Mia Quinn discovers that a series of seemingly unrelated murders are linked. How far up are the strings being pulled--and what happens when one of her own is at risk?The murder Mia is prosecuting seems like an open and shut case--until the accused claims he was the real vict... Read More
The murder Mia is prosecuting seems like an open and shut case--until the accused claims he was the real victim and that the dead girl attacked him first. The tabloids dub her a lethal beauty. Still, a conviction seems imminent. Then a key witness goes missing. Just when it looks like the killer could walk free, the dead woman's mother takes matters into her own hands.
Meanwhile, Charlie Carlson, a Seattle homicide detective, is investigating the murder of a man whose body washed up on the beach of Puget Sound, but he's got little to go on. He has no dental work, fingerprints aren't on file, and he doesn't match any missing person reports. Then a church pianist is senselessly gunned down before horrified parishioners. All three cases seem unrelated--but are they? Together, Mia and Charlie race to find the answer before another crime hits too close to home.
- Store Only: Yes
- Product type: Book
- Format: Hardcover
- Release Date: Mar 3, 2015
- UPC: 9781595549051
- Volumes/Discs: 1
- Pages: 320
- Publish Date: Mar 10, 2015
- Language: English
- Audience Age Maximum: 0
- Audience Age Minimum: 0
- BISAC: "FIC022040"
- ISBN: 1595549056
Customer ReviewsWrite your own review
- Lethal Beauty is Stark Reality by Robin on 6/17/2015
Lethal Beauty (A Mia Quinn Mystery)
By: Lis Wiehl
Book Summary: It should have been an open and shut murder case, but Mia Quinn finds out nothing about it is simple. After a young Chinese prostitute is stabbed to death by her rich American client, the tabloids dub Dandan Yee “Lethal Beauty”—despite the fact that she was the one who ended up dead. Yet even with double standards and naked prejudice working against her, Seattle prosecutor Mia Quinn is determined to get justice for Dandan Yee. But when a key witness goes missing and an unsavory juror shuts down deliberations without explanation, Mia fears the trial—and the law—are being tampered with. A constellation of fresh killings has Mia and homicide detective Charlie Carlson searching for a common source and puts Mia’s family in the crosshairs of a Chinese crime cabal. Meanwhile, Dandan Yee’s mother has opted to take matters into her own hands . . . and the stakes get more lethal overnight. In the midst of all this, Mia has to contend with a fifteen-year-old son who is growing up too fast for his own good, and the idea that Charlie might want to be more than just friends. Can Mia and Charlie stop the murders and still keep her family safe? Or is the very act of seeking justice enough to cost her everything—and everyone—she loves?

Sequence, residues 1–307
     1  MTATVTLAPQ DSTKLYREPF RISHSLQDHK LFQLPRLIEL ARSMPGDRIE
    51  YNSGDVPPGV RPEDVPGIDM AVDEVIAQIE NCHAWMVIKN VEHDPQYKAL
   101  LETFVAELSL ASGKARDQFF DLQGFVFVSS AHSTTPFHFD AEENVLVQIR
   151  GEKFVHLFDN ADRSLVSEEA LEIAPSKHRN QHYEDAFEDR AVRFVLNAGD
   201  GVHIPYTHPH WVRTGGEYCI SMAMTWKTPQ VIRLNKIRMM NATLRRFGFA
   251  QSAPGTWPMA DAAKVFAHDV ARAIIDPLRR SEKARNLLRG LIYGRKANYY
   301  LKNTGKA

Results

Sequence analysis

Review: The book was very interesting. I really liked to see the main characters return. The storyline was sad. It was very well written and realistic. I did find it easy to read overall. The theme of human trafficking is tragic and difficult to identify in real life. The sideline story of Gabe and steroids was understandable at the end, but not as believable for me. It seemed to deviate from Gabe’s character. Overall the book was worth the read and had a quick wrap up. I really liked how the finally concluded. For me it was the perfect way to wrap it up because I like a big final scene, this topic is very real for people and I was glad to see the ending being quick and final. The bad men seemed to have eyes and ears everywhere, without anything stopping them from silencing those that threatened their interests. Sometimes, evil seems to have the upper hand and this alone is scary. I liked the unravelling of this evil, which became disorganized and desperate. The main character seems disconnected at times from God, and the faith side of the story was limited. I hoped to see a growth in Mia Quinn in her faith. The previous books seemed to be drawing her closer to God, but that seemed to be sidelined in this story. That was my only disappointment with the story.
I would like to thank Net Galley and Thomas Nelson Fiction for allowing me to read and review this book in return for a free copy and I was never asked to write a favorable review by anyone.